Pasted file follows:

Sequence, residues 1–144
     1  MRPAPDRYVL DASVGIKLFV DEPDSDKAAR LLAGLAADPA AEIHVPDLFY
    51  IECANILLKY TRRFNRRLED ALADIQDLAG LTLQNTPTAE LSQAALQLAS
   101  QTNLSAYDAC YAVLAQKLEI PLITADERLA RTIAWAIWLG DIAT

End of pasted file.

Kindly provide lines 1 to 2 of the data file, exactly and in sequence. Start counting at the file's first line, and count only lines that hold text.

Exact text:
Sequence, residues 1–144
     1  MRPAPDRYVL DASVGIKLFV DEPDSDKAAR LLAGLAADPA AEIHVPDLFY